FASEB journal : official publication of the Federation of American Societies for Experimental Biology

Connective tissue growth factor [CTGF]/CCN2 stimulates mesangial cell migration through integrated dissolution of focal adhesion complexes and activation of cell polarization.

PMID 15319369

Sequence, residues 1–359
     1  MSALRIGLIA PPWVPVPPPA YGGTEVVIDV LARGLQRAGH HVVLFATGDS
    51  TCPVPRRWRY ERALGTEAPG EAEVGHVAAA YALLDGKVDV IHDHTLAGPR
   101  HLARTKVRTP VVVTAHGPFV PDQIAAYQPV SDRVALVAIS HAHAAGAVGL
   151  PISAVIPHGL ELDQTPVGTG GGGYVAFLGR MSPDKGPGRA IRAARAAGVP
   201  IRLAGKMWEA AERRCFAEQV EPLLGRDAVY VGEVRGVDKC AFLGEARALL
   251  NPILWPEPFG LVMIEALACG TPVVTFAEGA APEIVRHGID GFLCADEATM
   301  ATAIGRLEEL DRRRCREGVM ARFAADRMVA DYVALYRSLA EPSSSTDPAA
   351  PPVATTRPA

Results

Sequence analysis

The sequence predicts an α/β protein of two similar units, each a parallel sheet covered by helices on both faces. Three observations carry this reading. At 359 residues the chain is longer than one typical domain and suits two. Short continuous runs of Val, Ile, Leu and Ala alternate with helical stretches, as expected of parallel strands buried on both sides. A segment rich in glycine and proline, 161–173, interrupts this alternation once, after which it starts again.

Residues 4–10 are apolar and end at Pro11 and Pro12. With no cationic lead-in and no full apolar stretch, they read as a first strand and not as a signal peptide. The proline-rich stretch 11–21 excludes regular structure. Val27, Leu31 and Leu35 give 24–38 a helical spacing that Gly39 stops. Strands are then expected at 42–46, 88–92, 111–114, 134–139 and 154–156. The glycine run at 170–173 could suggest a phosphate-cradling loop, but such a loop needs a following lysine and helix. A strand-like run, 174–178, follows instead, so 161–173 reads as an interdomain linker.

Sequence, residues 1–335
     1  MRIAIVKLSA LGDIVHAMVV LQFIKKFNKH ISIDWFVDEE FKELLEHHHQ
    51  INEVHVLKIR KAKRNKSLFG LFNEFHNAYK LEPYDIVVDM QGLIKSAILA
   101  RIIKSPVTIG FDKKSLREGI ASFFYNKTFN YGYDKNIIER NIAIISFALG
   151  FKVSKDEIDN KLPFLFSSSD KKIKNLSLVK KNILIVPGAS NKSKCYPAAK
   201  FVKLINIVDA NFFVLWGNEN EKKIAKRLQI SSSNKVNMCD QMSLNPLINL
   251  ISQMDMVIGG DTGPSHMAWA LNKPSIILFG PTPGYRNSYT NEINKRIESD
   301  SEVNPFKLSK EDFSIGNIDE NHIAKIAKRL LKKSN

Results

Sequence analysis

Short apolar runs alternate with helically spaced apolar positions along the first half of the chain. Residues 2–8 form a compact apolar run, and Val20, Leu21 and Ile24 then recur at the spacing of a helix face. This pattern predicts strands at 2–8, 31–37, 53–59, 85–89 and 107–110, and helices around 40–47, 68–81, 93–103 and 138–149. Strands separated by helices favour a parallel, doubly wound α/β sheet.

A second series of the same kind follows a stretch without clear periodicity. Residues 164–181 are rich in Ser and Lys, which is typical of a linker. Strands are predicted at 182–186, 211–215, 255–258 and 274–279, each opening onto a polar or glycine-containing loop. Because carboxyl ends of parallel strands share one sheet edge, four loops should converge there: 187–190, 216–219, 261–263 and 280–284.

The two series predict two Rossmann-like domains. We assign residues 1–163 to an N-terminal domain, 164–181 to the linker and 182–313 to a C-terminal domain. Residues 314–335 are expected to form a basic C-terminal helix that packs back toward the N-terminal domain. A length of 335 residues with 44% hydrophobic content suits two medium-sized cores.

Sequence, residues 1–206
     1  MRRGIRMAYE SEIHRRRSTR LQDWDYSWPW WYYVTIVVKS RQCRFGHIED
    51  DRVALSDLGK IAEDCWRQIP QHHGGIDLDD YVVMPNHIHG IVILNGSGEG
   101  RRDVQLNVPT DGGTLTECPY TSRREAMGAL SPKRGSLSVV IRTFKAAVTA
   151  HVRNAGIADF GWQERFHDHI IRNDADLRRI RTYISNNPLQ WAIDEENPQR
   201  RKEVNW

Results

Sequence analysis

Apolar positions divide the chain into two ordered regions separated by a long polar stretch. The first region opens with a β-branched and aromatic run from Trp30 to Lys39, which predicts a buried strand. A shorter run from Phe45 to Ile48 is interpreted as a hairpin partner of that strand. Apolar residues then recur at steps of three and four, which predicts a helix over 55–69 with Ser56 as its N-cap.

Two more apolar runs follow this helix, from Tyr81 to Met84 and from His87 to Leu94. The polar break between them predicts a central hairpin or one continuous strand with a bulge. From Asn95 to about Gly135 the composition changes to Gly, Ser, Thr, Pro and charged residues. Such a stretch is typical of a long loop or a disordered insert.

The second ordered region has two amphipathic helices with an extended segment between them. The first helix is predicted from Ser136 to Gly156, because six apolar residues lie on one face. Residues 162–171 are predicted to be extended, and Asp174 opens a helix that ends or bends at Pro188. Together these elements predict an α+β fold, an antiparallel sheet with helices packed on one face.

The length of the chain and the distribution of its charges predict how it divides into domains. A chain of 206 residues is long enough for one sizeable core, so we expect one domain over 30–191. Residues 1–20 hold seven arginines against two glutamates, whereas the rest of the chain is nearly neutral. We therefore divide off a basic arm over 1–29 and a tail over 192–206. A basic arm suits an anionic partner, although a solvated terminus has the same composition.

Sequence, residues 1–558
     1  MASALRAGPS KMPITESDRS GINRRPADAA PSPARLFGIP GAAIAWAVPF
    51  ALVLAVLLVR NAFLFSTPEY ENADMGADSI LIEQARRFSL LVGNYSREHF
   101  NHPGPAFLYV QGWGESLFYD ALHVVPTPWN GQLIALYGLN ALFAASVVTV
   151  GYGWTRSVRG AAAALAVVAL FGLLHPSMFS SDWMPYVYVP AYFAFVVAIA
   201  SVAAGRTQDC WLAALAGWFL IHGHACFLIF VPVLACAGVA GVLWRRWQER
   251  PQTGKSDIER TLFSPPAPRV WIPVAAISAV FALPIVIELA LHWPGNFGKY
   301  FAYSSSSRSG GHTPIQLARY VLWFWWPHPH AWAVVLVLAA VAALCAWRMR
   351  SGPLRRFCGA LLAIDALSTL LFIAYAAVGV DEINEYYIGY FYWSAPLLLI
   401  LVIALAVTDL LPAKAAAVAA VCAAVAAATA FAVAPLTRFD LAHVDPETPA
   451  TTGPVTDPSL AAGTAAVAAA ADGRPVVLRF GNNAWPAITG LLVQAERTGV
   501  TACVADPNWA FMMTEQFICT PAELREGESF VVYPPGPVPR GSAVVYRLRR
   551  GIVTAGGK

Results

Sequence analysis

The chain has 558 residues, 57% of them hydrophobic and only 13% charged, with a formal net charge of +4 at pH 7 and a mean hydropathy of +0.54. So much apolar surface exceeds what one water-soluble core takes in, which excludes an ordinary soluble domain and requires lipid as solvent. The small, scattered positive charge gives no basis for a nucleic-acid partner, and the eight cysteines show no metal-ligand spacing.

Connective tissue growth factor [CTGF]/CCN2 is a prototypic member of the CCN family of regulatory proteins. CTGF expression is up-regulated in a number of fibrotic diseases, including diabetic nephropathy, where it is believed to act as a downstream mediator of TGF-beta function; however, the exact mechanisms whereby CTGF mediates its effects remain unclear. Here, we describe the role of CTGF in cell migration and actin disassembly in human mesangial cells, a primary target in the development of renal glomerulosclerosis. The addition of CTGF to primary mesangial cells induced cell migration and cytoskeletal rearrangement but had no effect on cell proliferation. Cytoskeletal rearrangement was associated with a loss of focal adhesions, involving tyrosine dephosphorylation of focal adhesion kinase and paxillin, increased activity of the protein tyrosine phosphatase SHP-2, with a concomitant decrease in RhoA and Rac1 activity. Conversely, Cdc42 activity was increased by CTGF. These functional responses were associated with the phosphorylation and translocation of protein kinase C-zeta to the leading edge of migrating cells. Inhibition of CTGF-induced protein kinase C-zeta activity with a myristolated PKC-zeta inhibitor prevented cell migration. Moreover, transient transfection of human mesangial cells with a PKC-zeta kinase inactive mutant (dominant negative) expression vector also led to a decrease in CTGF-induced migration compared with wild-type. Furthermore, CTGF stimulated phosphorylation and activation of GSK-3beta. These data highlight for the first time an integrated mechanism whereby CTGF regulates cell migration through facilitative actin cytoskeleton disassembly, which is mediated by dephosphorylation of focal adhesion kinase and paxillin, loss of RhoA activity, activation of Cdc42, and phosphorylation of PKC-zeta and GSK-3beta. These changes indicate that the initial stages of CTGF mediated mesangial cell migration are similar to those involved in the process of cell polarization. These findings begin to shed mechanistic light on the renal diabetic milieu, where increased CTGF expression in the glomerulus contributes to cellular dysfunction.

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